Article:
Ayo Olumilua runs into a minefield

“Music is a weapon,” Fela Kuti often said. To the iconic mastermind of the original afrobeat, music wasn’t just about grooves and rhythm; it was complex thing with roots that ran beneath the surface.

Fela Anikulapo Kuti

“Music is spiritual. You don’t play with music.”
A lot of time has gone by since the 70s—Fela’s decade of musical peak. Icons of Western music like Paul McCartney came all the way to Nigeria just to witness the spirits of sound in person.

Alongside highlife, afrobeat was the rave of the moment. These days, afropop is the sound of the new generation. With a blend of genres spreading across the span of the globe, afropop’s irresistible appeal is no surprise.

Currently, the genre’s popularity is at an all-time high. With the recent worldwide explosion of Wizkid’s album “Made In Lagos”, debates are starting to spring up about legacies. There is a growing impression that the likes of Wizkid are now on par with Fela Kuti whose legacy seemed unreachable not too long ago.

Fela Anikulapo Kuti

But for one to compare, one has to assess the facts and analyze their impact on their respective generations.
Most of Fela Kuti’s music was politically charged. He incorporated African instruments into jazz, and created a sound unique to him. He was a harsh critic of nepotism and the oppression of Nigerians by supposed rulers.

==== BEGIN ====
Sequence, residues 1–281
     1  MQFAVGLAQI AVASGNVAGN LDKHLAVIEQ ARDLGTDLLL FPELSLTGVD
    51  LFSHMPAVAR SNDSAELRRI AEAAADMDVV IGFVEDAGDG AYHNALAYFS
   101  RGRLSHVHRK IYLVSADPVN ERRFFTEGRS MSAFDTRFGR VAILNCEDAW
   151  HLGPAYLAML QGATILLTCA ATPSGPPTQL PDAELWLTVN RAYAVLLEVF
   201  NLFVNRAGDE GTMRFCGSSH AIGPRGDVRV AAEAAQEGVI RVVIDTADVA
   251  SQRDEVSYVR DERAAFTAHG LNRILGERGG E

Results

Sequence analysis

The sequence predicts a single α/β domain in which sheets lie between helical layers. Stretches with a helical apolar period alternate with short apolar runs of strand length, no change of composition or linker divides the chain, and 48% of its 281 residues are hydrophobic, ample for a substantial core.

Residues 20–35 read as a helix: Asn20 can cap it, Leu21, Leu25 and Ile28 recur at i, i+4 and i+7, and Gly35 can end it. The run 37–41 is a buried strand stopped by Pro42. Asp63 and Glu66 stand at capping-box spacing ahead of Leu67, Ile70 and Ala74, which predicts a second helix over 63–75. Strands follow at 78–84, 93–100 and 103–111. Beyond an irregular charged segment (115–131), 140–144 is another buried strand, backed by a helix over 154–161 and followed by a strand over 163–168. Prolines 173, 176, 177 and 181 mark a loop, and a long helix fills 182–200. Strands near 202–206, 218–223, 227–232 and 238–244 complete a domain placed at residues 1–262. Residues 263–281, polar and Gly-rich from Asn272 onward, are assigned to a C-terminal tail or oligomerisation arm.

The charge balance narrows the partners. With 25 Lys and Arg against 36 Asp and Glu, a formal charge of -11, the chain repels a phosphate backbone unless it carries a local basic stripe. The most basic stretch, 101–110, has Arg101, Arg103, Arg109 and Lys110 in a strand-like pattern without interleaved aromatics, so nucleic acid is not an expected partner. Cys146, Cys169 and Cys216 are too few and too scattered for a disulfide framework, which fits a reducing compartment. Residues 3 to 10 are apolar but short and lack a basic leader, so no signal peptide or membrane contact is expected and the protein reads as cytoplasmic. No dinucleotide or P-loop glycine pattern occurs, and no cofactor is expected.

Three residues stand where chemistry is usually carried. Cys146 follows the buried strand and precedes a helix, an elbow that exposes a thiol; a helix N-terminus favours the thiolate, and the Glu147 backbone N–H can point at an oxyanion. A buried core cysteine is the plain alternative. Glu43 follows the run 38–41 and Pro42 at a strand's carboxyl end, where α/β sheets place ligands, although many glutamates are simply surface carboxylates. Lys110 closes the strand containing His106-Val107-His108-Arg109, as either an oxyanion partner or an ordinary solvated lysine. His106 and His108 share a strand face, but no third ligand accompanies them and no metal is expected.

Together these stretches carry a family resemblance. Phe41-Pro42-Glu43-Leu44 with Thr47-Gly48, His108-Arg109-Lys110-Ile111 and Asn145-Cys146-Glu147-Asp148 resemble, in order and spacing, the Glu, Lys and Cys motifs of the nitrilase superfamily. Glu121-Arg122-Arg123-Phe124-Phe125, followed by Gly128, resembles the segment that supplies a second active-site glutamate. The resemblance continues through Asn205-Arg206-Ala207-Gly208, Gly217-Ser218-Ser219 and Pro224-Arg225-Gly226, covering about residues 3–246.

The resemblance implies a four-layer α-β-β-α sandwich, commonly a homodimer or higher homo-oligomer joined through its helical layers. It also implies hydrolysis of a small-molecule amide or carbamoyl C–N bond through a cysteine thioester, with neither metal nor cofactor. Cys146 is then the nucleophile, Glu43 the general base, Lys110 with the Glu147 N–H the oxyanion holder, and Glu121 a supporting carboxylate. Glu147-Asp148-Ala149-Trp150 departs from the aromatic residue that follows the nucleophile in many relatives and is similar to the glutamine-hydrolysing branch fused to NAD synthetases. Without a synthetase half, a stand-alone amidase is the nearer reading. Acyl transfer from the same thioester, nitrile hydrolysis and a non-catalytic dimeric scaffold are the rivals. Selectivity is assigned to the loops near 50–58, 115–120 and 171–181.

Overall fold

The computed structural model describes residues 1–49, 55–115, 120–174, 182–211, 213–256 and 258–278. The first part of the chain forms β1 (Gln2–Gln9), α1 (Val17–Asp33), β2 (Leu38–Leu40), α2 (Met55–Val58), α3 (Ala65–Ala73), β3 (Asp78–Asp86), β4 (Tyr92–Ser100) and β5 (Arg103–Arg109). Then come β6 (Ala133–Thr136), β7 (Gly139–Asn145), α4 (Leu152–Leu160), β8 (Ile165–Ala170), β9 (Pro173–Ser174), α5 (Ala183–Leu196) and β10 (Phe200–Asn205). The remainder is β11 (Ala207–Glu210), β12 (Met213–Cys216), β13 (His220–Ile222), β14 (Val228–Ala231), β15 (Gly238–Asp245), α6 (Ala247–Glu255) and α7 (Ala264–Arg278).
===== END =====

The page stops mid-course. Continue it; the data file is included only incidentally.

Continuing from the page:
On the other hand, Wizkid is more focused on melodies. His approach is less centered on revolutionary or groundbreaking lyrics. In a nutshell, Wizkid will make you dance, bob your head, and catch a vibe. The pro-Fela crowd of this argument often use the sociopolitical bankruptcy of Wizkid’s lyrics to undermine the 31-year-old’s music.
Wizkid’s 2015 single called Expensive Shit (apparently inspired by a Fela song/album of the same name) was barely a tribute to the afrobeat pioneer’s musical legacy. Instead, it was a song about showing off expensive money and clothes. His change of the title’s context seemed to diminish the interesting backstory of the original. But what Wizkid lacks in social advocacy, he makes up for with his ability to make catchy irresistible songs.


At the end of the day, music is essentially about sound. One can have music with just instrumentation, but one can’t with just words. Wizkid might not have invented his own peculiar genre like Fela, but he knows how to put his skills to excellent use and generate sensational music that crosses borders.

Ultimately, it seems futile to compare both artistes. Both are legends in their own rights and will forever be remembered for their contributions. But for now, it’s Wizkid’s time to shine in front of the world’s full glare. But it is doubtful if Wizkid can ever match the level Fela reached musically.

Credit: Africa Music.


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